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Valle Del Sol, Inc. v. Kobach

United States District Court, D. Kansas

August 4, 2014

VALLE del SOL, INC., et al.,
KRIS W. KOBACH, Respondent. Petitioners,


JULIE A. ROBINSON, District Judge.

Petitioners seek to compel non-party Kris Kobach to produce documents pursuant to two subpoenas duces tecum properly issued by the United States District Court for the District of Arizona in a civil action pending before that court, Valle del Sol, et al. v. Whiting, et al., No. 10-cv-01061-SRB (Doc. 1). The subpoenas call for compliance in Kansas, where Kobach resides, and Petitioners filed this motion in the District of Kansas. Petitioners also move to transfer the Motion to Compel to the United States District Court for the District of Arizona under Fed.R.Civ.P. 45(f) (Doc. 3). Respondent Kobach opposes both motions. For the reasons set forth in detail below, the Court grants Petitioners' motion and transfers the pending Motion to Compel to the District of Arizona.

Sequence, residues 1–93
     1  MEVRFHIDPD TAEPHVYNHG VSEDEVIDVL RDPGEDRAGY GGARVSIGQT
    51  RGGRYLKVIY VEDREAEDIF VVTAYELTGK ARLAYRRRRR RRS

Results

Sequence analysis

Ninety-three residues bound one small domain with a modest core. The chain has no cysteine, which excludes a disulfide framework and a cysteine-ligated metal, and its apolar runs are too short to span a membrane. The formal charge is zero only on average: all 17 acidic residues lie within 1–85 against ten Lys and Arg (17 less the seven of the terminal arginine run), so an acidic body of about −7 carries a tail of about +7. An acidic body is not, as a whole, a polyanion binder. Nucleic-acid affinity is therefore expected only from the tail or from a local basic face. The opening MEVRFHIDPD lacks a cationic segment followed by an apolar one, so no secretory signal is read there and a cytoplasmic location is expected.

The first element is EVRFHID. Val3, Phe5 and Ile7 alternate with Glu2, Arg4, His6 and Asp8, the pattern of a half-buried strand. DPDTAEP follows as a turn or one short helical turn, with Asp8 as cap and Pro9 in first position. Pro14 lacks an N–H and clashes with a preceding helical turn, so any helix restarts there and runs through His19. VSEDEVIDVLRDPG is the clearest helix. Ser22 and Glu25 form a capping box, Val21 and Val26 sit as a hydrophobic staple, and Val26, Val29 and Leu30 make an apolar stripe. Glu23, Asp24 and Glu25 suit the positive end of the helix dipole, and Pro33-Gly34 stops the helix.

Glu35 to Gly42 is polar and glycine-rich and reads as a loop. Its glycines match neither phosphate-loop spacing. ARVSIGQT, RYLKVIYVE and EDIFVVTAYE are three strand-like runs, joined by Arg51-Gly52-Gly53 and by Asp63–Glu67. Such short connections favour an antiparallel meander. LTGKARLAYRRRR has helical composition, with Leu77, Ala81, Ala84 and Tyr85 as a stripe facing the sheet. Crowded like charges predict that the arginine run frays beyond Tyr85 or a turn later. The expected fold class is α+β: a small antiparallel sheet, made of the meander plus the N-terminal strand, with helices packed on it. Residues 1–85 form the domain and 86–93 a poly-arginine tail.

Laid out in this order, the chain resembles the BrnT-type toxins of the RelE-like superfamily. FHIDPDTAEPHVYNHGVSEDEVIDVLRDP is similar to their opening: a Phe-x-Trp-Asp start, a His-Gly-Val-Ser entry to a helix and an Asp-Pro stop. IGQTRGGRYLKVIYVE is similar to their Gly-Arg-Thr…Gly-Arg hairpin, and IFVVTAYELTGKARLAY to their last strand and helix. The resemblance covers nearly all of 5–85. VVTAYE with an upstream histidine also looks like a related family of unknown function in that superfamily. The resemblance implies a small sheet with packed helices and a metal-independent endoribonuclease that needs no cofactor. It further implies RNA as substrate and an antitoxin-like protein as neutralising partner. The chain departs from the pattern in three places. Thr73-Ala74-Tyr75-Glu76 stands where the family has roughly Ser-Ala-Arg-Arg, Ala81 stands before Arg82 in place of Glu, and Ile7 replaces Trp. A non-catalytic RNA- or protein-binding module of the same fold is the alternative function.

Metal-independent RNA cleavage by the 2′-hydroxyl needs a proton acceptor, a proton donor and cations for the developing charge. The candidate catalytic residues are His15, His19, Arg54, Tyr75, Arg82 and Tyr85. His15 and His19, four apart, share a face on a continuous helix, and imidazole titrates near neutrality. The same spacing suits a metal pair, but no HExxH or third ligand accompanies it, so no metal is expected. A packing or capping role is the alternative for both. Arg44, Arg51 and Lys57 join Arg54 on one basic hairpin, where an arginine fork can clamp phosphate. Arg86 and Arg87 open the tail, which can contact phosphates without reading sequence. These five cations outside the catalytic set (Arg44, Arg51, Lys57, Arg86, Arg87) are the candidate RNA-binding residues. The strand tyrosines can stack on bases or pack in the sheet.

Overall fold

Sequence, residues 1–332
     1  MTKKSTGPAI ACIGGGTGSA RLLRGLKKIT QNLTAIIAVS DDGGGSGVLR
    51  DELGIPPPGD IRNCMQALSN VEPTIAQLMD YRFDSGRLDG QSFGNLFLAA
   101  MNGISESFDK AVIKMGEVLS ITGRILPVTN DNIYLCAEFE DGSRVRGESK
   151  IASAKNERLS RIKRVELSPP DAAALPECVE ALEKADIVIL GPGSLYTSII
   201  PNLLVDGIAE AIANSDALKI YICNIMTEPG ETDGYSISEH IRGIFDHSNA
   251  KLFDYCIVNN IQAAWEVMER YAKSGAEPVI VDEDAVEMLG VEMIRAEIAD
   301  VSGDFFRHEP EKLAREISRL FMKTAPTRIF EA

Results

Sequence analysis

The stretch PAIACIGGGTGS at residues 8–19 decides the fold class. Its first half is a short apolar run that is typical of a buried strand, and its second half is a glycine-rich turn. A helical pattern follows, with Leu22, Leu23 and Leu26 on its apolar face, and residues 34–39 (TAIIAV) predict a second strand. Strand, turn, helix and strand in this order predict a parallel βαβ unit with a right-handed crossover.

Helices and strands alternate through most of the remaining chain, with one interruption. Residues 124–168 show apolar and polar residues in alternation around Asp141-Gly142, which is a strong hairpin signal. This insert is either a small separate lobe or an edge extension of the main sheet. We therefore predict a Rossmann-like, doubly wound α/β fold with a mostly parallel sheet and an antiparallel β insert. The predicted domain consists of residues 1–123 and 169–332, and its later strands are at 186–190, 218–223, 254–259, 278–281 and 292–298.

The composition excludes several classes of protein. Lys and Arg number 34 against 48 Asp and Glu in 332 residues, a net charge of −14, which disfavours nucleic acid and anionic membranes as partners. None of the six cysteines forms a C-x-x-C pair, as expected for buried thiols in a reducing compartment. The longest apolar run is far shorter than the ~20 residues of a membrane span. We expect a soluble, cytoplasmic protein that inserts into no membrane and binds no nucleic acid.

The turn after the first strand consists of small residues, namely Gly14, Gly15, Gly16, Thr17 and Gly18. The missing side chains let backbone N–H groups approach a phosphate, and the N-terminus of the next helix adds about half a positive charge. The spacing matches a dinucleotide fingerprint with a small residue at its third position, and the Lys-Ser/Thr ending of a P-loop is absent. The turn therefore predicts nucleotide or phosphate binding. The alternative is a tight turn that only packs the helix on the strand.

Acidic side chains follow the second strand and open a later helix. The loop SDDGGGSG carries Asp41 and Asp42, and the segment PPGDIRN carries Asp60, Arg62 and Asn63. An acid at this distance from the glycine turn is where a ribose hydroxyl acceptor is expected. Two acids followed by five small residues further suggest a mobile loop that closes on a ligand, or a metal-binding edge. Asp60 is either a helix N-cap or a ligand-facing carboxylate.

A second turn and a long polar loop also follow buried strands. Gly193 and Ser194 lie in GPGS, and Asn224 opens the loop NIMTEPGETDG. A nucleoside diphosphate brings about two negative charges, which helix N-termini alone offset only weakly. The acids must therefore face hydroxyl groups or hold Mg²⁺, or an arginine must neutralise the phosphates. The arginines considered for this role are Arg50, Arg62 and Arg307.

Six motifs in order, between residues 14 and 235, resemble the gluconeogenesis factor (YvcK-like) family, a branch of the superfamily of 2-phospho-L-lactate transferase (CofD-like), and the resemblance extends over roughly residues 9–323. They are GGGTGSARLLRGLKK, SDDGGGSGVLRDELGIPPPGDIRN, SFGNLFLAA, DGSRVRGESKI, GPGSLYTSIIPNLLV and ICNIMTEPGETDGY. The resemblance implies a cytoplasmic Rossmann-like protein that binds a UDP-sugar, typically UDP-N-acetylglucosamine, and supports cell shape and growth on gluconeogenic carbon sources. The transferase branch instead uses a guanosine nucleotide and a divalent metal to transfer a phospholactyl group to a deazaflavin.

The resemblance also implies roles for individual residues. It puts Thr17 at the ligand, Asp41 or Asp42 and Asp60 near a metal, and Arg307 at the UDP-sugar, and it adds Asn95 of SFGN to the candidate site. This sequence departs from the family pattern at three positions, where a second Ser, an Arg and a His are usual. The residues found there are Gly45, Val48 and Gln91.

I. Background

These motions arise out of an ongoing constitutional challenge to Arizona Senate Bill 1070 ("S.B. 1070"), which created a comprehensive set of state immigration laws. The Whiting case is a massive class action that has been pending for nearly four years, and asserts multiple causes of action challenging the law on the ground that it was substantially motivated by anti-Latino and/or anti-Mexican animus.

Kobach has served in the elected office of Kansas Secretary of State since January 2011. Prior to then, Kobach was a professor of constitutional law. From 2004 to present, Kobach has maintained a part-time law practice specializing in the area of federal preemption. Kobach has served in his private capacity as counsel for S.B. 1070's "co-author" and principal sponsor, former Arizona state Senator Russell Pearce. Senator Pearce was open about the help he received from Kobach in drafting the law, as well as from two non-profit organizations with which Kobach is affiliated: the Federation for American Immigration Reform ("FAIR") and its legal arm, the Immigration Reform Law Institute ("IRLI").